But could I pull it off? Most of my work at the library was a secret. While half of the book club members were in on the secret, the other half had no idea I'd set up an unauthorized bookroom in the library's basement.

"Just talk about why you carry around that tote bag of yours and dodge any questions about where the books came from," Flossie suggested.

"That's not going to work. I shouldn't have even brought the tote bag. What is wrong with me? I'd been so dazzled by the invitation that I completely ignored the problem with my being here." I held up the tote bag as if it were filled with explosives.

It wasn't.

I'd filled the canvas tote with books I thought the ladies attending tonight would enjoy.

"I don't understand. You're a modern-day book-hauling Robin Hood," Flossie said. "That's something you should be proud of. That's something to be celebrated."

"I can't be here because of Lida Farnsworth." My boss. My intimidating boss, who was possibly the cleverest woman in town. Cypress's head librarian had been a member of the Arete Society for longer than anyone could remember. "I'd forgotten that she would be here. Well, I knew she would be here, but I didn't stop to consider what her listening to my talk might mean."

"So? She should be just as proud of you as I am." Flossie still didn't get it.

"When I start to hand out the books from my tote bag, Mrs. Farnsworth will recognize them as library books. You know, the same library books that were supposed to have been removed from the library? If she ever discovers I converted her library's basement into a secret bookroom without her consent, I will be out of a job before you can say 'Bob's your uncle.'"

"That's a funny phrase, 'Bob's your uncle.' Not awfully common in the United States. It's Irish in origin, so I suppose it shouldn't be too surprising we say it here in Cypress. After all, several of our town's founders arrived here from Ireland. According to my research, the phrase arose in the late 1880s, when British Prime Minister Robert Cecil appointed his nephew to the post of chief secretary for Ireland. The Irish were quite unhappy with this act of nepotism. And that's how people started saying 'Bob's your uncle' whenever anything was sure to happen. The man had literally been given the post because Bob was his uncle."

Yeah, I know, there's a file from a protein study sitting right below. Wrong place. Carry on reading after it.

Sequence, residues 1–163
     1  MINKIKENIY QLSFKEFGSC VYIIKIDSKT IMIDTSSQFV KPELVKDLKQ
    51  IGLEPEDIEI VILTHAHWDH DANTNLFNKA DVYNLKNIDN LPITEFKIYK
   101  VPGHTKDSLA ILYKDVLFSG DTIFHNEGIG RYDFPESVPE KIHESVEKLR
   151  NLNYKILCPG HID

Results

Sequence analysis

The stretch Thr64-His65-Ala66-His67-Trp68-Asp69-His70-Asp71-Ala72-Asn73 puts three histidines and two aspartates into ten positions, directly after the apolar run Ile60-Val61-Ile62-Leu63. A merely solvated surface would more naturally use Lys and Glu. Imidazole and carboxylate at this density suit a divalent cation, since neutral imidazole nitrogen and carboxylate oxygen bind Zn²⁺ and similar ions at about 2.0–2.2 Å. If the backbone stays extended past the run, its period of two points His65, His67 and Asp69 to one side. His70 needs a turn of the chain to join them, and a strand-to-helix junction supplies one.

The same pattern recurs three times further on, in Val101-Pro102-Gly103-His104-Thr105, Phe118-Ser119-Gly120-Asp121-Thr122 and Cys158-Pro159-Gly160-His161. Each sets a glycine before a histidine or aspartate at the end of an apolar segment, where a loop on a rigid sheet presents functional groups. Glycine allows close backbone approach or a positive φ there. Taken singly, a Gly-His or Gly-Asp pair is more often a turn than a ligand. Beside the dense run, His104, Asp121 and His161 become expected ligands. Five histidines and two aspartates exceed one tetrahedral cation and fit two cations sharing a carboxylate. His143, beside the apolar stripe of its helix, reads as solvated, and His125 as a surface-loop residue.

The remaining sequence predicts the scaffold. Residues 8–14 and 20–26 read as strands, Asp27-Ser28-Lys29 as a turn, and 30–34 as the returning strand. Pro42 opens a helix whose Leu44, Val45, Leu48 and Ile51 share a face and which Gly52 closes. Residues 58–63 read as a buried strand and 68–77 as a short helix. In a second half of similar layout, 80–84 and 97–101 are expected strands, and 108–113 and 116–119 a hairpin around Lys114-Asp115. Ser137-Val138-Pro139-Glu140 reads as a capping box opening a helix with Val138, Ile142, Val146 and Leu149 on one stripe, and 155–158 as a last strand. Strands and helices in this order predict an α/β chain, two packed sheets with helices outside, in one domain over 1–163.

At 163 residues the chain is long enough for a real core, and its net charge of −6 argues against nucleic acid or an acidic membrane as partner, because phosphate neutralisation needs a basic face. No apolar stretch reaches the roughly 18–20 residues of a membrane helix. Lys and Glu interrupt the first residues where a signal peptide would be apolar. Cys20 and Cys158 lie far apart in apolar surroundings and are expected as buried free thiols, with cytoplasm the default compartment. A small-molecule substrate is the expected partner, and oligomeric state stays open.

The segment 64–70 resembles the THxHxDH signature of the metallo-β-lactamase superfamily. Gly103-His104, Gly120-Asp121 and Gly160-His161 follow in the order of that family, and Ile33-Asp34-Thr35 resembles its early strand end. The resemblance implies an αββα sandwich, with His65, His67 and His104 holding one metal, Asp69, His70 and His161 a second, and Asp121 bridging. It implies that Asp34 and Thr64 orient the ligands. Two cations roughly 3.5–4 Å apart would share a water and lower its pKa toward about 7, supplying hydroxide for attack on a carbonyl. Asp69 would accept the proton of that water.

I usually enjoyed Flossie's impromptu etymological musings. But right now, I was in full panic mode. I didn't want to lose my job. Working at Cypress's public library was my life. I considered taking the tote bag back to the car. But that wouldn't work. I already had a reputation for carrying that tote bag everywhere. Not bringing it to the book club would invite more questions, not fewer. And when I stood up in front of the book club and someone asked me about the books I lent out, what in the world was I going to say?

I needed to get out of there.

My friends and I had started the secret bookroom a year ago, after Cypress's town leaders had hatched what they'd called a "brilliant" idea. It was, in truth, the worst idea ever. They had decided to modernize the library and create a bookless technological center to impress the kind of high-tech industries the town manager had wanted to woo.